I am Enric Marti, the Deputy Director of Photography in charge of Global Enterprise for the Associated Press, and I am proud to support the nomination of freelance Brazilian documentary photographer Adriana Zehbrauskas for the 2021 IWMF Anja Niedringhaus Courage in Photojournalism Award.
I first met Adriana in Mexico City when I moved there in 2006 as AP’s Latin America photo editor. Adriana is a passionate and committed photojournalist and her craft since then has only matured while maintaining the energy and sensitivity she showed when I first saw her work.
Adriana covers breaking news and features from around the world, mostly in Latin America, from the U.S. Southwest and along the Mexico-US border for news outlets including The New York Times, The New Yorker, The Washington Post and groups like UNICEF.
In addition to this important work, Adriana has always pursued personal projects and has transformed herself into a steward of her profession by generously sharing her knowledge with many young and upcoming photographers.
Adriana specializes on migration, human rights, gang and drug related violence and the visual documentation of underrepresented communities. But she is incredibly versatile and her recent work in the U.S. included themes ranging from the right-wing fallout to the presidential election and the coronavirus crisis on Native American reservations.
Her images are evidence that show her subjects' dignity, pride and joy of life amid the desperation and hopelessness they frequently face. Her work has often taken her to very dangerous parts of Mexico and Central America as a freelancer with a limited support network.
I would not describe Adriana as a war photographer, but I believe her work reflects Anja's values because Adriana plunges herself into her work with passion and humanity to cover all of the assignments that she accepts.
Adriana dives deep into the issues she covers, sticking with her image subjects for as long as she can to visually portray their stories. She has a need to understand their lives, their predicaments, their despair, and their hopes.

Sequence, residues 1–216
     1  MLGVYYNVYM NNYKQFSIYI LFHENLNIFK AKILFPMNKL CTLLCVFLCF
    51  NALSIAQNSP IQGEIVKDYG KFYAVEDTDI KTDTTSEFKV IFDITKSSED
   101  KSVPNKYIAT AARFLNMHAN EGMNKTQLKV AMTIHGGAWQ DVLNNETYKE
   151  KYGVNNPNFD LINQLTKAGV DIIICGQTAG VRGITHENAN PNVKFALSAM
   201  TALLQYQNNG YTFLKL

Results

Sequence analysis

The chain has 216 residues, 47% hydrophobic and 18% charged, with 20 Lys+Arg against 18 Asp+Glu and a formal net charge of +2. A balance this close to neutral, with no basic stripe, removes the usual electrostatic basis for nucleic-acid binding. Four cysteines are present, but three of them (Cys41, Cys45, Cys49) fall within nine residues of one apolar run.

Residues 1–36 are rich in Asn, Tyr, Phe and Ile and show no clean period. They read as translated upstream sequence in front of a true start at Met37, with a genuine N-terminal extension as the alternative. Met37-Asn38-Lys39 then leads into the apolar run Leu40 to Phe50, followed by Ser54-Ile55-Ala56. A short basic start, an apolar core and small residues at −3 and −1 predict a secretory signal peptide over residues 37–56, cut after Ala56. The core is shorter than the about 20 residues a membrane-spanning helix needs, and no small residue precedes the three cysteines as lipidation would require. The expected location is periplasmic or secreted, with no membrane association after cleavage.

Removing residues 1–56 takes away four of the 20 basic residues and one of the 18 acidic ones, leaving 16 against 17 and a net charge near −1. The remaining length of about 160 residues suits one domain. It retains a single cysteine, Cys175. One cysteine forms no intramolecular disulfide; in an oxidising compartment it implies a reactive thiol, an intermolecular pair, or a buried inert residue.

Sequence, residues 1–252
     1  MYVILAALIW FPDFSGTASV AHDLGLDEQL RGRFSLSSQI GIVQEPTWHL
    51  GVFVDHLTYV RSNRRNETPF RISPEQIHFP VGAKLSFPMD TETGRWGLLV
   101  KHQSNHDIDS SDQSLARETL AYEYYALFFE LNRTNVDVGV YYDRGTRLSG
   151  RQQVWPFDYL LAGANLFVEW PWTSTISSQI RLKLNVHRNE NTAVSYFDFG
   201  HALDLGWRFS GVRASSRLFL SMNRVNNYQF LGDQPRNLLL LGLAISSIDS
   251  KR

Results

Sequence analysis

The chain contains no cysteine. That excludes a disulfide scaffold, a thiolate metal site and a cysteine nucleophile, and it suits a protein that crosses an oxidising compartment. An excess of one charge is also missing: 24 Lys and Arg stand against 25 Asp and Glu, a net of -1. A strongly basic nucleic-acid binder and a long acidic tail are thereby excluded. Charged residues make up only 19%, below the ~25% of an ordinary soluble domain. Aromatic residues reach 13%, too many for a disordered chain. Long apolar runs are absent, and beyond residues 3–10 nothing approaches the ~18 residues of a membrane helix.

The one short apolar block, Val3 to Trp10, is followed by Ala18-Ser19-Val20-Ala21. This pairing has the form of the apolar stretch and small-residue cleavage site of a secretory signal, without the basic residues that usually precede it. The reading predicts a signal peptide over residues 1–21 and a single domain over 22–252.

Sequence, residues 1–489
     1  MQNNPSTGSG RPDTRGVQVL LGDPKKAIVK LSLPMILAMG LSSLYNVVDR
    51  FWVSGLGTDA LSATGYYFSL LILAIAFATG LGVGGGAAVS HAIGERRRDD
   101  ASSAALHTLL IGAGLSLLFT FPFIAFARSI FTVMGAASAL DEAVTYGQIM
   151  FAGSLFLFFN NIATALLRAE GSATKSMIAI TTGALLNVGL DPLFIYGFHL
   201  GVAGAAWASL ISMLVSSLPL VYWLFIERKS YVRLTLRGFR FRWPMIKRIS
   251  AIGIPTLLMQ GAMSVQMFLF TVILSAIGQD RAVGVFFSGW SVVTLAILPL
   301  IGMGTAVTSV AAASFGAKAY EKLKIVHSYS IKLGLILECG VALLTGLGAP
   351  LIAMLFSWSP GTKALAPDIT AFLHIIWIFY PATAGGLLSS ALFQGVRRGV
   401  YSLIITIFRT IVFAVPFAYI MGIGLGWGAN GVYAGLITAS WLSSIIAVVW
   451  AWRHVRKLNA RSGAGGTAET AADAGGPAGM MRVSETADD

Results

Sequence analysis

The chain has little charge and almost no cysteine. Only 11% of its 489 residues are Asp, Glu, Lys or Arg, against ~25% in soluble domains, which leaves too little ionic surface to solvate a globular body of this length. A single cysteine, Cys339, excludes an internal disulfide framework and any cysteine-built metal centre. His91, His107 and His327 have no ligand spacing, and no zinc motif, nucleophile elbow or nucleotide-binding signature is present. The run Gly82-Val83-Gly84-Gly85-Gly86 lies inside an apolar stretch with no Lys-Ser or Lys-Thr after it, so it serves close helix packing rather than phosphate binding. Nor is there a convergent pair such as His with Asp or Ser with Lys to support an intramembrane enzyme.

In Mexico City, Adriana spent months in 2017 making daily visits to a shelter for retired sex workers, patiently working to gain their trust so she could convey their harrowing life stories with depth and understanding.
And after 43 Mexican students went missing in 2014 in the country’s southern Guerrero state, Adriana followed relatives of one missing student for six months straight. Her work shadowing this family gave a very intimate look into the family’s despair and anger over their son’s disappearance.
During this project, Adriana became aware of a sad truth about how people in the modern smartphone age have frequently lost the tradition of maintaining visual records of their families.
Adriana decided as a result to create a project called “Family Matters.” Here is the text and images she did: https://adrianazehbrauskas.com/familymatters.
More recently, I am impressed with Adriana’s coverage of the ongoing migration waves to the U.S. mostly from Central America. Adriana’s travels to Honduras and El Salvador to report the factors that drive them from their countries -- poverty, unemployment and rampant violence -- give her unique insight for her coverage of the same people after they cross the border following their desperate caravan migrations.
Finally, while Adriana is a seasoned professional in traditional photography methods, she has embraced Instagram and smartphones -- using the platforms with the same ethical rigor she adopted before these new ways of telling stories existed. Her feed: https://www.instagram.com/adrianazehbrauskas/
I knew and worked with Anja for many years and I believe that Adriana fully embodies the spirit, courage and passion that Anja gave to her photography.
Adriana’s work certainly “inspires us to take action and compels us to better understand the world”.